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Can A Vampire Movie Be A Biopic? ~ At The Movies With Kasey

Five years ago, El Conde surely would have had a limited release in arthouse theaters, so I am grateful that Netflix picked up this gem, giving many more people easy access to it. The movie really stretches the boundary between fiction and biography by reimagining the Chilean dictator Augusto Pinochet as El Conde (Jaime Vadell), a vampire who, after 250 years, has grown weary of taking part in violent revolts and the hatred he received as a dictator, and decides to die for good. His wife, Lucia (Gloria Münchmeyer); right-hand man, Fyodor (Alfredo Castro); and greedy brood of children are not keen on the idea. Plus, the Church has sent an ambitious nun, Carmencita (Paula Luchsinger), to kill El Conde. Meanwhile, The Narrator (Stella Gonet) explains the story as it unfolds until she reveals her identity in an outrageously sharp, satirical plot twist.

El Conde strives to critique authoritarianism through the guise of a monster movie. Often, I forgot that political satire was the point, as it was easy to get wrapped up in the love triangles, petty drama, and vampires. This film has an odd, very arty approach to the subject matter, but I truly laughed out loud when the narrator said her name.

Although I thought the intended critique should be more pointed, the movie was gorgeous. A rich orchestral soundtrack gives the unfolding drama pomp and whimsy at turns. Using black and white film lends a serious, ironic tone to the historical comedy. Some scenes, such as one of a new vampire flying, are strikingly framed, and choreographed, creating moments of beauty that contrast the more brutal horror elements.

Although El Conde could be classified as a horror film, it uses gore and violence moderately, with a few bursts of blood. Instead, it focuses its fear on the tendency of authoritarianism to retreat into the shadows, only to be revived again.

El Conde was written by Guillermo Calderón and Pablo Larraín, who directed. It is rated R and runs 110 minutes. The film can be watched in the original Spanish with subtitles or dubbed in various languages.

For something entirely different, Theater Camp is now streaming on Hulu. In this mockumentary, filmmakers start a project about AdirondACTS, a theater camp run by an eccentric New Yorker, Joan (Amy Sedaris), but just as the season starts, Joan falls into a coma and her son, Troy (Jimmy Tatro), struggles to keep the camp open. Meanwhile, longtime counselors Amos (Ben Platt) and Rebecca-Diane (Molly Gordon) work on that summer’s musical production. New counselor Janet (Ayo Edebiri) tries to hide that, despite what her resume said, she knows nothing about theater, and the campers give their all in performances, even under dubious circumstances.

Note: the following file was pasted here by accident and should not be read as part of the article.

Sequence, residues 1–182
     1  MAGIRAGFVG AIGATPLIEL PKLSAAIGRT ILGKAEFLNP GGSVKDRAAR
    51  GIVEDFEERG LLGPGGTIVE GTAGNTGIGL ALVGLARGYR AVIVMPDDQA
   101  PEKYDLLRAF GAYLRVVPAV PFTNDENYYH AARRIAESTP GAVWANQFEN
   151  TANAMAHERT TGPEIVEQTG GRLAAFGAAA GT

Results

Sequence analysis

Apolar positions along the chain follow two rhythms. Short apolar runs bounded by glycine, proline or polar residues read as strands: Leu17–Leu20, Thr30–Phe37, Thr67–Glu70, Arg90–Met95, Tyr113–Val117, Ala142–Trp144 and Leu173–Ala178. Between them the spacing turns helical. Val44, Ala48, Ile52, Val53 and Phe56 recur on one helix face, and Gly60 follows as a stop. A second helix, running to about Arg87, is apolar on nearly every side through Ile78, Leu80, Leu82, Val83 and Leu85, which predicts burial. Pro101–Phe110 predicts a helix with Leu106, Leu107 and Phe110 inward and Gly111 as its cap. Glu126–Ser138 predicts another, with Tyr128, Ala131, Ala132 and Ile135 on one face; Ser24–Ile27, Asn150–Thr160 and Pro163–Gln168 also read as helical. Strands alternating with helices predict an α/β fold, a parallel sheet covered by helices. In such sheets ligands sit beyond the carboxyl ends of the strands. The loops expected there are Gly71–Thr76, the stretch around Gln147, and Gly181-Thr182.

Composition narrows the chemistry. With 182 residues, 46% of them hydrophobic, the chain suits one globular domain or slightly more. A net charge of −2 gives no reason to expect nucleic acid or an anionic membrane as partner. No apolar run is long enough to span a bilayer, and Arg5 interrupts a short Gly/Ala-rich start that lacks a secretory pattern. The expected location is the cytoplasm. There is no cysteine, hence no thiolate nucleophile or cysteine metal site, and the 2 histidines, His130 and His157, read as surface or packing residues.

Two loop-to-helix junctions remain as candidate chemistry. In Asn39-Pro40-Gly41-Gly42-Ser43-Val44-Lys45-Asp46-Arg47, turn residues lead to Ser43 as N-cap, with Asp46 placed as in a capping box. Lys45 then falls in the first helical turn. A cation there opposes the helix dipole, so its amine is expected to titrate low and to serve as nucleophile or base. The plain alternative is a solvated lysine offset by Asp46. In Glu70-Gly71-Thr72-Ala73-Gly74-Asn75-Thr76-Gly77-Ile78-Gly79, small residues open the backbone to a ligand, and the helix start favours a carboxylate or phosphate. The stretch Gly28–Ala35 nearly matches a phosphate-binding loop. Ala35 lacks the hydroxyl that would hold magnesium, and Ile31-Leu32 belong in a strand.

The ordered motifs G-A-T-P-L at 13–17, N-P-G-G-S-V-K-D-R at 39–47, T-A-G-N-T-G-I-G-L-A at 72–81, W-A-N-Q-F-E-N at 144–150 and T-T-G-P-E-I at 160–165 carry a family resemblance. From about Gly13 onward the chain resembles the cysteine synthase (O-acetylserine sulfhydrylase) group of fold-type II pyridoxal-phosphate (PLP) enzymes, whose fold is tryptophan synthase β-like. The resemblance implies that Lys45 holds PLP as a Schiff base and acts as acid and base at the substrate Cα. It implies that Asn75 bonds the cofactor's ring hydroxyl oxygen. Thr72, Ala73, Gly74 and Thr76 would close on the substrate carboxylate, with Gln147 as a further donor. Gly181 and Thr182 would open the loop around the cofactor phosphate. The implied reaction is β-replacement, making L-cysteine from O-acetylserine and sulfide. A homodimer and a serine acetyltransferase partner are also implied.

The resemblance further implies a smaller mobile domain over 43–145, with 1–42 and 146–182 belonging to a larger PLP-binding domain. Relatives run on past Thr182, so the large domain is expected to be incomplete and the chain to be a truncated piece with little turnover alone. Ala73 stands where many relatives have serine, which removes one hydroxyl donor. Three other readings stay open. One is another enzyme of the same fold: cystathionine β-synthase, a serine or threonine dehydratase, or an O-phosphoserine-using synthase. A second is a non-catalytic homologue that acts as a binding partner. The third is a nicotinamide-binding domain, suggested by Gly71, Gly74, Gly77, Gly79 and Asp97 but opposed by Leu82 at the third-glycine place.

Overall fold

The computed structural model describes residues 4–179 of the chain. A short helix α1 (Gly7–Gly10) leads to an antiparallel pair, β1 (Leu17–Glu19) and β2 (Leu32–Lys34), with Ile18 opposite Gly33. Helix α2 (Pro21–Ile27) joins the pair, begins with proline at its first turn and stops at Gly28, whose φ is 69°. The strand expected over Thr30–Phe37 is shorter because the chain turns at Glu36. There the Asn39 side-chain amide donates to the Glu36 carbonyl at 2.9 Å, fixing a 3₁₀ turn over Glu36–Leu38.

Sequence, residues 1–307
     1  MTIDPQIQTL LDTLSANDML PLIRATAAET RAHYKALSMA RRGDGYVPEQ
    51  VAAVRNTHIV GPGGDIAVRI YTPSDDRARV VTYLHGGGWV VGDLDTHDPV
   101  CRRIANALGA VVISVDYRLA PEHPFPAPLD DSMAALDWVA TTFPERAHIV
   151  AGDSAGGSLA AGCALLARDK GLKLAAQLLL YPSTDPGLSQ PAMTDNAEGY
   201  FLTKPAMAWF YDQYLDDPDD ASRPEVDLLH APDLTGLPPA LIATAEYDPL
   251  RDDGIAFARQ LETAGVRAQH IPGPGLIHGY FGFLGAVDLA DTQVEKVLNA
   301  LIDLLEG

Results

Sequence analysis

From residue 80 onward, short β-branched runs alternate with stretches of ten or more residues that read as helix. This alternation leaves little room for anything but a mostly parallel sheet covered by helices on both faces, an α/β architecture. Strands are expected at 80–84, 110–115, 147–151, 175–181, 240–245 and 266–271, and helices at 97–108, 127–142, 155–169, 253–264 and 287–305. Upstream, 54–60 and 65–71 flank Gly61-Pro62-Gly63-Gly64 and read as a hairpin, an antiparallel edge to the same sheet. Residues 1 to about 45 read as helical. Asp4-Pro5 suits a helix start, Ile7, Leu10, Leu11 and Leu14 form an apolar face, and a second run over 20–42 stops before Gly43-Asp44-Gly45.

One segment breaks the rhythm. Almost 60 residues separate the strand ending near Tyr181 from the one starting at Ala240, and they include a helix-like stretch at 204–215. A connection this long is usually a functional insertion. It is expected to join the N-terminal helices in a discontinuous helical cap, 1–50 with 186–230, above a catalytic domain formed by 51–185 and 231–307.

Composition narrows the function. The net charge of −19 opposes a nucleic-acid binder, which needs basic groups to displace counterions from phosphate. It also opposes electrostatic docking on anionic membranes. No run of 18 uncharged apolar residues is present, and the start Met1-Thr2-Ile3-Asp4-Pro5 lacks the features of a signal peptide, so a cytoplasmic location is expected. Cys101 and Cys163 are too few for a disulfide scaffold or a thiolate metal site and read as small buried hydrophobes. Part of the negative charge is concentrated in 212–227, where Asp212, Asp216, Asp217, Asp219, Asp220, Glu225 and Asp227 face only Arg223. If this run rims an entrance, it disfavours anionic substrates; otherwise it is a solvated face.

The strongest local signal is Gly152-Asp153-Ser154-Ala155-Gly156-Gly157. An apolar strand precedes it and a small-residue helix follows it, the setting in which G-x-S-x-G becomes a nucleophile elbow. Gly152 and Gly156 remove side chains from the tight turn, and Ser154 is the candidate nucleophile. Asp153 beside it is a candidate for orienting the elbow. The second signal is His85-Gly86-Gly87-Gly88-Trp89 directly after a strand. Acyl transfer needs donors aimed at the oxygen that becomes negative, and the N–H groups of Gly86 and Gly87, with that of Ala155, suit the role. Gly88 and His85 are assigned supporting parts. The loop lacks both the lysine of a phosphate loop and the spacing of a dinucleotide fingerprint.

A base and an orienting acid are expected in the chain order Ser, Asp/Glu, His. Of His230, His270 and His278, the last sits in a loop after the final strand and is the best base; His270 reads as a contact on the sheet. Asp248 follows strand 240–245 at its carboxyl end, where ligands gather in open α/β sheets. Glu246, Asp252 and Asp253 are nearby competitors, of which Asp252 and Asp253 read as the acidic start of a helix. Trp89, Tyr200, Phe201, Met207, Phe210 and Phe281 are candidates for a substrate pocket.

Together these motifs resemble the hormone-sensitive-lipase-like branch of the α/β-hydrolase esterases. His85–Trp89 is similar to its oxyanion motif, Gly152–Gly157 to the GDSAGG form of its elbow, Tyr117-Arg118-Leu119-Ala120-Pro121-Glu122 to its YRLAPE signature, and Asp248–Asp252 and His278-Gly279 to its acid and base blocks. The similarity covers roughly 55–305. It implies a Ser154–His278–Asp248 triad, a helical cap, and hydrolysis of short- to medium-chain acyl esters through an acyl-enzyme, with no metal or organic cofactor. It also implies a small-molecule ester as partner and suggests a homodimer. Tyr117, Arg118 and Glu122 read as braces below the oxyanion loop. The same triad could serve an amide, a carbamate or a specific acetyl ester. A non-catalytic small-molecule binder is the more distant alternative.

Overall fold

Theater Camp reminds me of Christopher Guest’s films, especially in the silly, over-the-top characters and how seriously they take even issues that might not seem like a big deal to anyone else. For example, in one scene, Amos and Rebecca-Diane discover that a camper has been using a “tear stick”—mentholated eyeliner to help them cry onstage—and their response rivals what you might hear in a Scared Straight program. These eccentric characters were crafted with a great deal of care, which is good because there is not much going on with the plot.

Although Amos and Rebecca-Diane drive a lot of the film with their angst over the musical and their futures, I enjoyed the subtler hilarity of Janet more, especially when she tries to get the campers to explain to her what stage combat is when she is the one supposed to teach it. Ayo Edebiri’s lowkey performance makes bits like that one work. As a good-natured “bro” in charge of a theater camp, Jimmy Tatro’s Troy is a misfit among misfits, and that layering of awkwardness adds a lot of humor to a pretty cliched storyline.

Theater Camp criminally underuses Amy Sedaris, but the performances by the ensemble make the film very funny. As Glenn, Noah Glavin delivers a barn burner of a finale, and Nathan Lee Graham provides outstanding line readings throughout. Molly Gordon and Ben Platt have good chemistry as best friends. For these performances, and those of the wonderful child actors, Theater Camp is worth streaming.

Theater Camp was written by Noah Galvin, Molly Gordon, and Nick Lieberman. Molly Gordon and Nick Lieberman also directed. It runs 92 minutes and is rated PG-13.

Kasey Butcher

Kasey Butcher

She is proud to be a Ft. Wayne native, a graduate of Homestead HS, Ball State University & Miami University. She became involved with journalism editor-in-chief for her high school magazine. She authors the "At The Movies with Kasey Butcher" review. > Read Full Biography > More Articles Written By This Writer